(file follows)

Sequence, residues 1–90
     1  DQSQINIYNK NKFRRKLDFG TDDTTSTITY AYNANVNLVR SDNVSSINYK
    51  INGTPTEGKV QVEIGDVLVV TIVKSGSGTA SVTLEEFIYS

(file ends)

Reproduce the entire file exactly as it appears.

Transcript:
Sequence, residues 1–90
     1  DQSQINIYNK NKFRRKLDFG TDDTTSTITY AYNANVNLVR SDNVSSINYK
    51  INGTPTEGKV QVEIGDVLVV TIVKSGSGTA SVTLEEFIYS